I don’t like the word ‘diet’. When the word is mentioned, I immediately think short term, unsustainable, desire for a shortcut without the effort just like get-rich-quick schemes. Instead of starting the next diet or fitness fad to lose weight, would we have more luck if we explored our psychology and mindset around food, how we eat and what impact our individual personality plays into it all? Here are some juicy questions to ask yourself:
1) What does food mean to you? What emotional connection do you have with food? Do you eat when you are bored, for comfort and to relieve pain of a hard day, to reward yourself for being so good? Is the cooking process, sharing food with others, your love communication?
2) What type of eater are you? Do you have to continue eating until you feel full? Do you have to eat everything on the plate? Do you snack between meals? Are you an all or nothing eater? Is that closed packet of large salt and vinegar chips safe for one, two or no days in the cupboard? When it comes to all you can eat buffet, must you taste it and taste it all NOW!
3) What are your plans after the fad diet is over or you have reached your goal weight? Do you believe that it only takes 21 days to change a habit? What happens on the 22nd day? Are you prepared to never end this diet and exercise regime and commit to making it part of your life forever?
4) When it comes to sticking to that diet or fitness regime, what do you need in place before you can keep this resolution? What kind of person are you according to the four Rubin Tendencies when it comes to expectations? How many diets or fitness regimes have you tried in the past and what is the common factor as to why they have failed?
Well, it’s confession time. I snack most when I’m bored and want a distraction or to procrastinate from the task I’m doing. I also eat when it’s late at night and I’m cold. Ironically, my thoughts turn to what flavour of ice cream I have hiding in the freezer.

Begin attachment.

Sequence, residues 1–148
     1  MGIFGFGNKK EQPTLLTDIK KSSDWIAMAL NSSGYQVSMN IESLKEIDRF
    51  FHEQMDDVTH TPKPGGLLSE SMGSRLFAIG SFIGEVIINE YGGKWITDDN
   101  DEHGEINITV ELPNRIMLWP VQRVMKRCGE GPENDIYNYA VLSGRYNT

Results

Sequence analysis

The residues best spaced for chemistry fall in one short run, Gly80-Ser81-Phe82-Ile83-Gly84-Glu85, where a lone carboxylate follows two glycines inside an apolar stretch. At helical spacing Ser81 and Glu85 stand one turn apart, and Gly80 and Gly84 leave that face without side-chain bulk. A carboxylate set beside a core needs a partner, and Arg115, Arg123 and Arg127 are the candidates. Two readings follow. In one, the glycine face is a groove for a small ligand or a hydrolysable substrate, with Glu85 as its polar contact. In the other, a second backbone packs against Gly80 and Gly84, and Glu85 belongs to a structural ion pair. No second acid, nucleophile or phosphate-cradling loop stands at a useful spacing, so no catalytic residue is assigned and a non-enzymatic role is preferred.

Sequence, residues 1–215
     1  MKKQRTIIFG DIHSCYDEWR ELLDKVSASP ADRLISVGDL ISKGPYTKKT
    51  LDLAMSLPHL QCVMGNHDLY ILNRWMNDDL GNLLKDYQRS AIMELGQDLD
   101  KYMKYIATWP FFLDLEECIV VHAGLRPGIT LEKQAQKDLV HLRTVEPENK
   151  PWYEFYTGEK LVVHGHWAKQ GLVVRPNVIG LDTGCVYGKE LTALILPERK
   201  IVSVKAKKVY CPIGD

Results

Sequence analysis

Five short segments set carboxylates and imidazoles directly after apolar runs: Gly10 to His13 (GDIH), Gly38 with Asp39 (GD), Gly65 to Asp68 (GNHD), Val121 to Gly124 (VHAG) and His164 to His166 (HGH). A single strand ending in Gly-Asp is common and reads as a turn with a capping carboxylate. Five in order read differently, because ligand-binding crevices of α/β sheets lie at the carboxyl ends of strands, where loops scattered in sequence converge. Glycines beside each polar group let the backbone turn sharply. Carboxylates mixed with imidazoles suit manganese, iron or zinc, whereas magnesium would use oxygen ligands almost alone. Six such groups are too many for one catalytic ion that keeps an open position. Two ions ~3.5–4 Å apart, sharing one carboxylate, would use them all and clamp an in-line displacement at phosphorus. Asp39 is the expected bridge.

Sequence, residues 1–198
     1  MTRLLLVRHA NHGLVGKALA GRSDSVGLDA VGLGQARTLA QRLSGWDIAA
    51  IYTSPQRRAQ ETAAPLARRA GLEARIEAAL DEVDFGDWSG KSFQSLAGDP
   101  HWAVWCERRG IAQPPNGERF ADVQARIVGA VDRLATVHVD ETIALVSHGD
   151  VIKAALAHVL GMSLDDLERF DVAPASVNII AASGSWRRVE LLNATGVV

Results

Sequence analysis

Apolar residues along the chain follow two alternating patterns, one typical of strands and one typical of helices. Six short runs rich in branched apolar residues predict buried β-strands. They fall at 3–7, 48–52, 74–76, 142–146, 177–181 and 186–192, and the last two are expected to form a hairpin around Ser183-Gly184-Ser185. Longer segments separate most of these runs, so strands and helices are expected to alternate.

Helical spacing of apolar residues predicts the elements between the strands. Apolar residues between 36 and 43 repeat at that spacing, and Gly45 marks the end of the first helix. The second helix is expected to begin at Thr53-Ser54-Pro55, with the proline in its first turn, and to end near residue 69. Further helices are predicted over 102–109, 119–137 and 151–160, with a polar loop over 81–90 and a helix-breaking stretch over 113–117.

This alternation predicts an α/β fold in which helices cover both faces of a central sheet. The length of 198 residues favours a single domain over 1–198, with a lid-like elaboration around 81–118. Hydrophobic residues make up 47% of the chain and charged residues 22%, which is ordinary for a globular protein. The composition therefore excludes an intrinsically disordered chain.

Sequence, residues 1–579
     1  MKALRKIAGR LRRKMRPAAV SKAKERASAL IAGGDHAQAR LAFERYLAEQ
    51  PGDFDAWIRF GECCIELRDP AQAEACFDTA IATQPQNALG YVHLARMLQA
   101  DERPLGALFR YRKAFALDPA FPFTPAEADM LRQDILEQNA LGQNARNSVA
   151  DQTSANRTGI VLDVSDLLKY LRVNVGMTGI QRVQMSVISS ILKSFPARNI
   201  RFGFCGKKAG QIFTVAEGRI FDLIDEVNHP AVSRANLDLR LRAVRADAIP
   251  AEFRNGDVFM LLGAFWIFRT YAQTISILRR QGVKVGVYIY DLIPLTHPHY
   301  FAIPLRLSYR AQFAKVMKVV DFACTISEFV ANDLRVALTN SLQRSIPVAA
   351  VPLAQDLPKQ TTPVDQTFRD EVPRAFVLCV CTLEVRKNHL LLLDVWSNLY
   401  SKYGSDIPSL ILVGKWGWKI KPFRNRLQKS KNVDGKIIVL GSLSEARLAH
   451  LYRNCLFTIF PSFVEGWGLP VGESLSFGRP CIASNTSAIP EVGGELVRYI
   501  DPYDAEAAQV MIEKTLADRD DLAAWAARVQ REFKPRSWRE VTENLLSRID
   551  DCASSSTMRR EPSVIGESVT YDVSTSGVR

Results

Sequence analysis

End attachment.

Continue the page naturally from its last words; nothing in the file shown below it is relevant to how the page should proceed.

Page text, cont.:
I don’t have to continue eating until I have the feeling of fullness however I have plenty of other bad habits around eating. Firstly, unless I consciously think about it when I’m eating, I will eat everything on the plate. I’m also an all or nothing eater.
This realization about myself has become rather helpful. I made a personal rule for myself last year, about not eating any snacks offered at my work. I had to make this absolute rule because even accepting one small bite size of a snack I knew will be my downfall. It was definitely hard for weeks, months to not be tempted but it is now a habit. One thing I know for sure is that there is a difference between the length of time it takes to form good and bad habits. Bad habits can form within a day whilst good habits, well it’s definitely not 21 days as they like you to believe!
In regards to the four Rubin Tendencies, I’m really lucky to be an ‘Upholder’ in that once I make a decision or resolution, internally I will uphold myself to achieving it. The larger the resolution, the better as I’m very stubborn, don’t like being told I can’t do something and enjoy the challenge of a challenge that seems impossible.
Well, I dare you to make a comment on this blog post 🙂 If you are a ‘Questioner’ or ‘Rebel’, I won’t be surprised if you don’t comment (particularly if you are a Rebel). However, for all the remaining ‘Upholders and ‘Obligers’, that’s a different story 🙂
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